The most crucial GM skill is listening. Roleplaying games, by and large, are an art form where the creators of each piece and the primary audience are the same. You and your fellow players are both the ones telling the story and the ones the story is meant to entertain. The GM’s particular responsibility, I’d argue, is to listen carefully for all players’ hopes and wishes, the things that make the story exciting or engaging to them, and then guide the group towards that sizzle of player interest.
There’s one specific listening skill I’ve been honing that’s had a noticeable positive impact on games I run. I’ve developed an ear for themes and imagery. There’s something particularly gratifying about seeing players light up when I pick up on and carry forward the motifs they’ve introduced into the game.
Want to bring your GMing to the next level? Listen for themes and imagery, and reincorporate them into the game.
“Motifs are created when the narration of a fellow player inspires you to create one. Once enough Motifs have been recorded, it is the beginning of the end. So keep a keen ear and be swift to record whenever your fellow players’ narration evokes that sense of wonder, danger or adventure that drew you to the sword-and-sorcery genre in the first place.”
In effect, this means in a game of Swords Without Master, your table slowly accrues a pile of index cards with epic, sinister, and gnarly phrases written on them. A few examples from a game I ran: “A smooth-tongued rogue rapidly cycling through religious habits,” “A pale queen fading from life as the dead invade to announce her shame.” These Motifs serve as a clock for the game, as it concludes when enough have been recorded—but the rules also require a certain number of later Motifs to echo and reincorporate Motifs recorded earlier. In effect, Swords Without Master is a machine designed to tune players to say swords-and-sorcery stuff that thrills their tablemates.
Now, Swords Without Master draws no distinction between players and GM (renamed the Overplayer here) when it comes to recording Motifs. There’s another game that makes deliberate use of listening and reincorporating as a GM-specific technique, and that’s the feminine horror blockbuster Bluebeard’s Bride.
“When you shiver from fear, name the thing you are most afraid will happen; the Groundskeeper will tell you how it’s worse than you feared.”
The book is very clear: this move is triggered, not when the character shivers from fear, but when the player does. The GM is listening for players shuddering, gasping, or saying “That’s messed up!” When they do so, the game focuses in on that fear. Thus there’s not much time wasted with horror that leaves the players unmoved—every monstrous setpiece in Bluebeard’s mansion is something that specifically disturbs at least one of the players at the table.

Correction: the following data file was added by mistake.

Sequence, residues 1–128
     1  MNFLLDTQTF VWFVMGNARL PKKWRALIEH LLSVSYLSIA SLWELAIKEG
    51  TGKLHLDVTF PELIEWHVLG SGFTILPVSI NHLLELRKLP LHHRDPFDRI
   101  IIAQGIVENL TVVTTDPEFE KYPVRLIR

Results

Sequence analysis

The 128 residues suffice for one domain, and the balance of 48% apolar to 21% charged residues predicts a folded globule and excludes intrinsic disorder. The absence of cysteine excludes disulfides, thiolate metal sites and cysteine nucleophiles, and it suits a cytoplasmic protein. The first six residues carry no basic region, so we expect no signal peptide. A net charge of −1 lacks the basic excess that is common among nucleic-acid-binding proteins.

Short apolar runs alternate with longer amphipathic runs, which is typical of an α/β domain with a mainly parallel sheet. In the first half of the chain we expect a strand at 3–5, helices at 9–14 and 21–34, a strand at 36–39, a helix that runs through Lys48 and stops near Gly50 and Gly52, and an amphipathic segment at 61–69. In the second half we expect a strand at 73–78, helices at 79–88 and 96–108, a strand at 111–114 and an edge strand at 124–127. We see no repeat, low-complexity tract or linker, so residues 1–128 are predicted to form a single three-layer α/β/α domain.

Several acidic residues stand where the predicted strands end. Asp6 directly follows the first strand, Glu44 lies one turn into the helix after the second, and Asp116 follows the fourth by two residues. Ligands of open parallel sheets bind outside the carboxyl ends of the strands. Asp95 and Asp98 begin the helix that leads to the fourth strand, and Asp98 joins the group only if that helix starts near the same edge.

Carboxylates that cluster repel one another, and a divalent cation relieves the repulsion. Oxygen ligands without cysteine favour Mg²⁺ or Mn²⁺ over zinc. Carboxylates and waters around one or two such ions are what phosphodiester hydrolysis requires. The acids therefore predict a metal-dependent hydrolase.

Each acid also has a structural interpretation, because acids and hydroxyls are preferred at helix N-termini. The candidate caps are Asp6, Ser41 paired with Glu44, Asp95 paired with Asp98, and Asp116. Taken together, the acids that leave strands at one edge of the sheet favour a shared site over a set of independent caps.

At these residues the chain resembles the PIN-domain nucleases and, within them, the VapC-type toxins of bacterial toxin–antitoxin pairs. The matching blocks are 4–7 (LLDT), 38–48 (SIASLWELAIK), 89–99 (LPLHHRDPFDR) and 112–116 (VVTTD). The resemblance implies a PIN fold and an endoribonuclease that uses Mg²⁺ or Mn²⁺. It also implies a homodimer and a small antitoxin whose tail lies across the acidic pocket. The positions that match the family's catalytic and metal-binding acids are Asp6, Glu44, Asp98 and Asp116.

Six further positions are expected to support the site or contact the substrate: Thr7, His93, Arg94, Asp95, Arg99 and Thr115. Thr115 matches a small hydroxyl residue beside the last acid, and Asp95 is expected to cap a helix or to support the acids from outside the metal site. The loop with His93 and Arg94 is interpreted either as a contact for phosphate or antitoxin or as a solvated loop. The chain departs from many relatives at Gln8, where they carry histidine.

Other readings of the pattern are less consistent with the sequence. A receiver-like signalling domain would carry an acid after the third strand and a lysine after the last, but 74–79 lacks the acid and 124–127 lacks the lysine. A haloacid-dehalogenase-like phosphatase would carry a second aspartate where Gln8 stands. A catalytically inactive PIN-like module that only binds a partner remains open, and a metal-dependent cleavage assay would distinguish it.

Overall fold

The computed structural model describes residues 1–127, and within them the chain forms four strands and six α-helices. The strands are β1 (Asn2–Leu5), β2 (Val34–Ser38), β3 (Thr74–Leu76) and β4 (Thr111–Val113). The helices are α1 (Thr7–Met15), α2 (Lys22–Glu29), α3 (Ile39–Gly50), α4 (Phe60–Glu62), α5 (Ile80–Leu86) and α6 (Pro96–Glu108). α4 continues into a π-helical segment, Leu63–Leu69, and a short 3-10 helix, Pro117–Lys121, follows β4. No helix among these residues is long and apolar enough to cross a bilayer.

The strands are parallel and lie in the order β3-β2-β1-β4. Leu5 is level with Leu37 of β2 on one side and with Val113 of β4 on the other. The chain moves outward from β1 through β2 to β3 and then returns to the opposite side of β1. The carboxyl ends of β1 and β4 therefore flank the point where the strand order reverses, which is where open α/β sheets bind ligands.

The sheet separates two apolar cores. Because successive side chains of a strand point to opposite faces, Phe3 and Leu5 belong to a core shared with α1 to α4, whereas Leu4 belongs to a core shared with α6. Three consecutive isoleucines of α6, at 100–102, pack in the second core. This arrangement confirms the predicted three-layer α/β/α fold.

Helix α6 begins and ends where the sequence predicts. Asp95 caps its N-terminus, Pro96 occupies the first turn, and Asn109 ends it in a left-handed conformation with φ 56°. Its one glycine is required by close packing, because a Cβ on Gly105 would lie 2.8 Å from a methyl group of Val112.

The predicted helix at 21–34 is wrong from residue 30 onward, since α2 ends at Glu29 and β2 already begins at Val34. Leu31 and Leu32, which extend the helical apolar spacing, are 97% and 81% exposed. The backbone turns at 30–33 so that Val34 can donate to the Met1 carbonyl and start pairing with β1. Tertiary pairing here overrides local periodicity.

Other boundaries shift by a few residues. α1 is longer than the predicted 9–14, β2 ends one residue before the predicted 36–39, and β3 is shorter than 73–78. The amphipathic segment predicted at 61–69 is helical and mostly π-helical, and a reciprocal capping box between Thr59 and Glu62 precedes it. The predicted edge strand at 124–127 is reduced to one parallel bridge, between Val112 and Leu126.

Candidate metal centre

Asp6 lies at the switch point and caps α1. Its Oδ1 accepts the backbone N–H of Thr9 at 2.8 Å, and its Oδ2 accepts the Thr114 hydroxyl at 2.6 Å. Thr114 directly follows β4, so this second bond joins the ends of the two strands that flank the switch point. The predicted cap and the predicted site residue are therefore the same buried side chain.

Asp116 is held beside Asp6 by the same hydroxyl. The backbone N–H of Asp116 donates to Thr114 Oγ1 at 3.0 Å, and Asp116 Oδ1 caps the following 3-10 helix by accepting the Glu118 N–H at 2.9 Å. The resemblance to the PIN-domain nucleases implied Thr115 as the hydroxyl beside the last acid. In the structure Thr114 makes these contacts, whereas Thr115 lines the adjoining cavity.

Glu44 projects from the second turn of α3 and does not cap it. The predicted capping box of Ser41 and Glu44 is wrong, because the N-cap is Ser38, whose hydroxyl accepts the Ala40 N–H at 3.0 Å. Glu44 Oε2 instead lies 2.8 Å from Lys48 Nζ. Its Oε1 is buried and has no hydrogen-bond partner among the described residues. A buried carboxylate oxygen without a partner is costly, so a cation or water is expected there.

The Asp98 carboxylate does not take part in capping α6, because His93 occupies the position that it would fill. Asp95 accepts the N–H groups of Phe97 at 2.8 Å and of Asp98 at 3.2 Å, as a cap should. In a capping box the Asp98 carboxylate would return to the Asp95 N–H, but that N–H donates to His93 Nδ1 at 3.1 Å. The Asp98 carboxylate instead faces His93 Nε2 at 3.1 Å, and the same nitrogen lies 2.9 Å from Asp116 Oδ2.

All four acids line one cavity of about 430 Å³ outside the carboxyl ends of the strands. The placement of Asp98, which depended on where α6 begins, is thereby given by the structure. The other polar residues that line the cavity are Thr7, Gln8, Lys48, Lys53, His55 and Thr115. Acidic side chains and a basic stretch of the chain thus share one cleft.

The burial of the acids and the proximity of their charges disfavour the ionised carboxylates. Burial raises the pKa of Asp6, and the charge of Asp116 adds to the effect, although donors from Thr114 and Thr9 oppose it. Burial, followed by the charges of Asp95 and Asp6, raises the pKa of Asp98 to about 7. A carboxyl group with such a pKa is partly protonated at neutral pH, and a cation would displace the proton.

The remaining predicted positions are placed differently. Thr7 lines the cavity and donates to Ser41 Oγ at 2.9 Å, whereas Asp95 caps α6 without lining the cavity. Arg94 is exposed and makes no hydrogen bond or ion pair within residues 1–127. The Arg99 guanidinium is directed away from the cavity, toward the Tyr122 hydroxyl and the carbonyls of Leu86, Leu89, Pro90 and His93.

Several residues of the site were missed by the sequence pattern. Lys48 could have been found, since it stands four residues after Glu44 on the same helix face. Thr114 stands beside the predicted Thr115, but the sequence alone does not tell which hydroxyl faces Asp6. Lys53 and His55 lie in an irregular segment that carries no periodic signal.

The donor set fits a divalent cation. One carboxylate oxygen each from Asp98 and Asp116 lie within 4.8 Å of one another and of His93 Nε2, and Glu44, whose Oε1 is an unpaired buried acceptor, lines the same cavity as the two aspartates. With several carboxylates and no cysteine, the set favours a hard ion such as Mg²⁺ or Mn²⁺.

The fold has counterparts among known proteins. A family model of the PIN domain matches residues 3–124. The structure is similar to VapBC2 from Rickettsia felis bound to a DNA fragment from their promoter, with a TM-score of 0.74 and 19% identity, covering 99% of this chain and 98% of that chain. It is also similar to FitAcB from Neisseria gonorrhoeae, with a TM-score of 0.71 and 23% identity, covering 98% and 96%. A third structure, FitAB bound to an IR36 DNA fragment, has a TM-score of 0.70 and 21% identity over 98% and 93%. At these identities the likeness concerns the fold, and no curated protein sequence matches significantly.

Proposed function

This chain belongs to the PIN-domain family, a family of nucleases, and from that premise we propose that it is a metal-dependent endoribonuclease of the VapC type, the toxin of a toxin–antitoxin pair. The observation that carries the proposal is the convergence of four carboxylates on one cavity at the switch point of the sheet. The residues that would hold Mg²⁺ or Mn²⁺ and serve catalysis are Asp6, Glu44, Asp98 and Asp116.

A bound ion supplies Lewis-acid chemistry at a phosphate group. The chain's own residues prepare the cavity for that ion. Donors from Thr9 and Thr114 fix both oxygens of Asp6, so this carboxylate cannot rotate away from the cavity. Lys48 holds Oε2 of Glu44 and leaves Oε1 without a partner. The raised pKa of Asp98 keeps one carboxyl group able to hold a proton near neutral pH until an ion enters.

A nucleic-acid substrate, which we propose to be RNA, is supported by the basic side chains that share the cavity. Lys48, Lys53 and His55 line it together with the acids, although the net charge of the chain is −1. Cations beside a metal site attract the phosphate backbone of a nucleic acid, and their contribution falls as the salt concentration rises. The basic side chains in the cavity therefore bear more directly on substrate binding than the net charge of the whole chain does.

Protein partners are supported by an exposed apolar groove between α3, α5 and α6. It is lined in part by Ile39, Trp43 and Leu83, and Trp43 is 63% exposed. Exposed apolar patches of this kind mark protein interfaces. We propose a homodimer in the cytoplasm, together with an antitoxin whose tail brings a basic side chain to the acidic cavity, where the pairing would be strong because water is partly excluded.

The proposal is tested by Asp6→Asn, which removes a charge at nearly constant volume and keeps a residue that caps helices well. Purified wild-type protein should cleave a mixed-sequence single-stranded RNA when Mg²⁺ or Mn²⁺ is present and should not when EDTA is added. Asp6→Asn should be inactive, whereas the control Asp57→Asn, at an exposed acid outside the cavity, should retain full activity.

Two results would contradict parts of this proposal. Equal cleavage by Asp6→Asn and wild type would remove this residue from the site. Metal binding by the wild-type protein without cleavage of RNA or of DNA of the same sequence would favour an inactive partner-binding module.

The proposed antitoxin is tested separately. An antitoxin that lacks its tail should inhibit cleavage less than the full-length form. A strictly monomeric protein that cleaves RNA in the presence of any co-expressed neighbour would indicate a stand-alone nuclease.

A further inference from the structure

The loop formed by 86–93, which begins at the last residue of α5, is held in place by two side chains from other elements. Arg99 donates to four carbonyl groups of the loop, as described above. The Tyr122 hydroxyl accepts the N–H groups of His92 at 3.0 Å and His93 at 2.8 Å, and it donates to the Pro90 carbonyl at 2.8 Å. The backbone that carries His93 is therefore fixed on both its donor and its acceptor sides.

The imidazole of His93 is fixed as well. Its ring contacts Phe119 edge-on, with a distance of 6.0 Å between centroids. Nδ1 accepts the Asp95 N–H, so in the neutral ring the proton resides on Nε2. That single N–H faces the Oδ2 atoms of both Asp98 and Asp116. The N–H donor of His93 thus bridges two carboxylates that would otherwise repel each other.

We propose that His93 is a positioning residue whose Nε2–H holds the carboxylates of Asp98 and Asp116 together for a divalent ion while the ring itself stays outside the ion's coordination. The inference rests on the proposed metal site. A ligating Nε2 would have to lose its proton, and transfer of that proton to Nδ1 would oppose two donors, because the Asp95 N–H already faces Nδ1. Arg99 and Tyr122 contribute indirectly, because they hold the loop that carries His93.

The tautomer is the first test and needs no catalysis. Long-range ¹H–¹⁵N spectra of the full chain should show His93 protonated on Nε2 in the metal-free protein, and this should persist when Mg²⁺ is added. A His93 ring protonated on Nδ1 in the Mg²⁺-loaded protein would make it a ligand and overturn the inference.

Swords Without Master and Bluebeard’s Bride each build into the game’s mechanics a script for listening and reincorporating. But as a GM, you can steal these techniques for use in any game! Ask, subtly or directly, what players find exciting, empowering, romantic, or horrifying. Then reincorporate those elements into the world and the situations you describe. You can do this between sessions as part of your prep, or even plan to do it on the fly during a one-shot.
Two of my own games are often enhanced by this technique. Autumn Triduum, a game about nuns confronting the forces of darkness, centers around an emergent mystery. Rather than having an answer ahead of time about the form taken by the darkness afflicting the convent, the GM is encouraged to listen to the players’ answers to the backstory questions and work from them. One should pay particular attention when players respond to “Where are you certain you’ve seen the Devil active in the world?”
This question usually elicits a mix of answers, some about clearly supernatural devilry, others focused on structural or personal sins that character sees as the work of Satan. For example, in one game different sisters had seen the Devil in young men leading girls astray and in a recurring nightmare of drowning. Some juicy material to reincorporate! So the challenge the sisters faced was one of their wards being lured away by a disreputable boy, with the trail leading to a dangerous (possibly devilish) flooded subway station.
My game The Great Soul Train Robbery opens up even more opportunities for this GM style. The game is set aboard the train to Hell, and so the whole environment can have a heightened, allegorical cast. The PCs are Desperados aiming to rob the train, and a mechanic incentivizes them to narrate flashbacks showing how their past sins have led them to this point. This makes it easy to reincorporate character backstory elements, often expanding and solidifying a vice or struggle into a very real obstacle aboard the train. Did you harden your heart to work your confidence games on people? On this train, hearts can literally turn to stone and burst from your chest. Were you always motivated by a greedy desire to grasp at more and more? The Conductor here is Avarice himself, and boy does he have a deal to offer.
Hope you can make use of this technique the next time you sit down to GM a game. Remember, if you listen you’ll hear players flagging what they find interesting about the world or the story of the game. Pay attention to that, and reincorporate it—remixed and recast as need be.
If you’ve appreciated these thoughts or are intrigued by my games, consider backing The Great Soul Train Robbery on Kickstarter! The campaign runs till 10pm EST on February 18th.
Alexi Sargeant is an award-winning game designer creating indie roleplaying games under the banner of Cloven Pine Games. When he's not running or playing games, he's a writer and editor living in Princeton, New Jersey.